SIGN UP FOR THE MULHOLLAND BOOKS NEWSLETTER for breaking news, exclusive material, and free books

Noir Seal of Approval

Jun 06, 2011 in eBooks, Guest Posts, Video Games

As a contributor to LA Noire: The Collected Stories, we asked Andrew Vachss to give us his thoughts on noir. Read Andrew Vachss’s story “Postwar Boom” in LA Noire: The Collected Stories.

Available free (for a limited time) from your eTailer of choice. | | iTunes | Sony

I learned, a long time ago, that people can read for entertainment and come away with enlightenment, so long as the vein of truth runs throughout and doesn’t detract from the narrative force. I understand there are those who believe “noir”—or “hardboiled,” or whatever term they prefer to lavish upon themselves—writing shouldn’t be cluttered up with “that other stuff.” As if littérature engageé is only acceptable in “magical realism” novels translated from original Incan scrolls. All these “outlaws” who want me to live by their rigid little rules … good luck to them. I understand I am too “pulp” for the literati, and too “literate” for the pulpsters. Lost a lot of sleep over that. I’d rather burn a bridge than crawl over it, and genre- worship isn’t one of my disabilities. Apparently, as with all religions, some people believe they can dictate definitions. I don’t ask these self-appointed high priests for the “Noir Seal of Approval” that only they (think they) can grant.

Andrew Vachss has been a federal investigator in sexually transmitted diseases, a social-services caseworker, and a labor organizer, and has directed a maximum-security prison for “aggressive-violent” youth. Now a lawyer in private practice, he represents children and youths exclusively. He is the author of two dozen novels, including The Weight, his latest. To read an excerpt from this crime-fiction novel about Sugar, an old-school professional thief, visit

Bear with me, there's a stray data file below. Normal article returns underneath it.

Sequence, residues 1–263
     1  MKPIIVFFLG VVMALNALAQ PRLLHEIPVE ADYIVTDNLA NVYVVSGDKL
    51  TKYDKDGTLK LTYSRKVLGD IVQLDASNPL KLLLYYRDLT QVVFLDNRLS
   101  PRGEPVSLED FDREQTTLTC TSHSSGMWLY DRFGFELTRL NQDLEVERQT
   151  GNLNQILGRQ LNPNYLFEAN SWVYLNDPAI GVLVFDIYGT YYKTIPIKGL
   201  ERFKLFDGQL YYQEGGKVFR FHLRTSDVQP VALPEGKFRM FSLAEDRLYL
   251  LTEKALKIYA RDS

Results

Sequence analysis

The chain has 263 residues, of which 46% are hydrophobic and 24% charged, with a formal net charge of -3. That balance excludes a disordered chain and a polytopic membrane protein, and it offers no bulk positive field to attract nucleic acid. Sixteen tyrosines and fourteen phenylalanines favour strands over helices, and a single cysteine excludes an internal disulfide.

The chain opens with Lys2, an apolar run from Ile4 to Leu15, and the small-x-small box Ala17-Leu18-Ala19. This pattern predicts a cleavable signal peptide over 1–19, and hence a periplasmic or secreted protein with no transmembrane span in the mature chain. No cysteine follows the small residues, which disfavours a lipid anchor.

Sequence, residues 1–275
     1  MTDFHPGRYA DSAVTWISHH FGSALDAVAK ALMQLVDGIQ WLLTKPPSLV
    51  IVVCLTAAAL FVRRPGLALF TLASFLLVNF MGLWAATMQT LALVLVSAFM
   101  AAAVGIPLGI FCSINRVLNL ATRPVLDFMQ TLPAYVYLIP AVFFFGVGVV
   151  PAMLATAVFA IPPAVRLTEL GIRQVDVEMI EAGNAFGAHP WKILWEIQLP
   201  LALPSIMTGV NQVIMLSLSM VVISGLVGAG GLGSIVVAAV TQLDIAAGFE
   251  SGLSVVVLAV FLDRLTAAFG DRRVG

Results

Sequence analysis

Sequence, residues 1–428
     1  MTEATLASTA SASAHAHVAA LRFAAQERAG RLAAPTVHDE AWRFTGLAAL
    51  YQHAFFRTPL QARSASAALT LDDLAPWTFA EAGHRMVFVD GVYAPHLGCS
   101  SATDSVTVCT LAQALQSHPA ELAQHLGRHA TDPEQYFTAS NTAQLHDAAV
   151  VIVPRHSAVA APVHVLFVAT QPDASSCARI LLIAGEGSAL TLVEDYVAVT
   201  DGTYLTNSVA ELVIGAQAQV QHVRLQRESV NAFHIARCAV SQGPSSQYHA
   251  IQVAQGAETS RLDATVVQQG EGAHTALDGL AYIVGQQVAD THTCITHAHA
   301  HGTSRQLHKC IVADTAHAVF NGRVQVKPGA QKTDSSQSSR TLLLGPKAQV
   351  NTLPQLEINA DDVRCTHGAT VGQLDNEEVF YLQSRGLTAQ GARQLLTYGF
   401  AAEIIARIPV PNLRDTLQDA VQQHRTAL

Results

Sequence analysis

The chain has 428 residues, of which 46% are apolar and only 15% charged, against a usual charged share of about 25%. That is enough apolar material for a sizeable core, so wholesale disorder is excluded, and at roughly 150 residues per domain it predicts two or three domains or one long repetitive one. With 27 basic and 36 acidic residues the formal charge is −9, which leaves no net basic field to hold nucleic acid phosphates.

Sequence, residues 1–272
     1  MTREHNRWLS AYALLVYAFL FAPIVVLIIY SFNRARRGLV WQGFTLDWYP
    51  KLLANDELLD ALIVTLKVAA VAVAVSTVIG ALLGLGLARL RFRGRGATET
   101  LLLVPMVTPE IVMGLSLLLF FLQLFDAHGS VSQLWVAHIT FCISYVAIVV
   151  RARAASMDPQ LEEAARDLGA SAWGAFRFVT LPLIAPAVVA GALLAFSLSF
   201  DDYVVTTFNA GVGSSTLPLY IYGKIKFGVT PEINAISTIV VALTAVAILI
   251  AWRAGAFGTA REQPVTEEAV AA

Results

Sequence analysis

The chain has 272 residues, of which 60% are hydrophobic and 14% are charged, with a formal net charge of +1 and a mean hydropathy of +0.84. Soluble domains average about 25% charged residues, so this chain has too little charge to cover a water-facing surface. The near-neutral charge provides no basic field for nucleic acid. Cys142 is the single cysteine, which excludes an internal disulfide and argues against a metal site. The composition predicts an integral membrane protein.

Tagged as: , , , , , , ,

6 Responses »

  1. Right on. I’ve read you for a decade or more and the message is the story.
    I try my best to do the same in my own tales. nihilism is the refuge of
    Cowards and the jaded bourgeoisie.
    That’s been the story since day one, when Hammett wrote the Op.
    HUAC didn’t go after him for nothing.

  2. Although some insist on believing otherwise, the boundaries of noir fiction have never been staked out beyond dispute. Everybody thinks they know it when they see it but few can give a definitive description. Because, as a genre, it has been a constantly evolving thing. And the best of it has always mirrored society and reality (the “vein of truth” Mr. Vachss calls it in his article above) as accurately as any so-called “literature” … The impact and importance of Andrew’s work over the years cannot be denied. Arguing whether or not if fits as noir, hardboiled, pulp, literature or what have you, seems pointless. His work always makes for a damn fine read, and the message is achingly real and worthwhile.

  3. As a writer who has yet to be published, but who refuses to quit, I’m glad someone had the guts to say what Mr. Vachss has about the ridiculous attempt at limiting noir.

  4. Noir, or whatever you’d like to call it, can be bent and twisted and dressed up in a myriad of way; with it’s cousin the police procedural, the Noir ‘genre’ is going everywhere from from urban fantasy (The City And The City, China Mieville) to the science epic (Blade Runner, Phillip K. Dick — I refer to the movie very specifically here; the book is a whole other beast but the film draws deeply on the Noir aesthetic) to the ‘somewhere, something like this really happened and Andrew Vachss was hip deep in it’s human wreckage’ of the Burke books or otherwise.

    I write Noir, or crime fiction, or whatever you’d like to call it — but it includes robots and race tensions and alternate history. Doesn’t mean that there’s no ‘Noir’ element simply because it includes the fantastic. The basic elements of crime, corruption, and entropy remain. The ‘vein of truth’ – that people can be terrible, that crime can pay, but never the ‘right’ people, and so on – is what validates it as ‘Noir’ for me.

    And frankly, Mr. Vachss, I’m pleased to see your work associated with L. A. Noire; as a gamer as well as a reader, it’s moved the experience up a notch.

    • I’m not a gamer, and my writing has no business ever being compared to Vachss or anyone else’s who can twist the written word into something more meaningful than a bunch of letters on a page. But what’s important here is not just the stories (although we wouldn’t be here without Burke, his family, or any other character that Vachss created), what matters is that the content is real and that is the reason we respond to it. We trust Vachss’ stories simply because from the very beginning he has been willing to be completely honest with us. This is REAL life, whether we want to believe it or not. And whether or not “noir” is your thing, you can never lose sight of that.


Leave a Response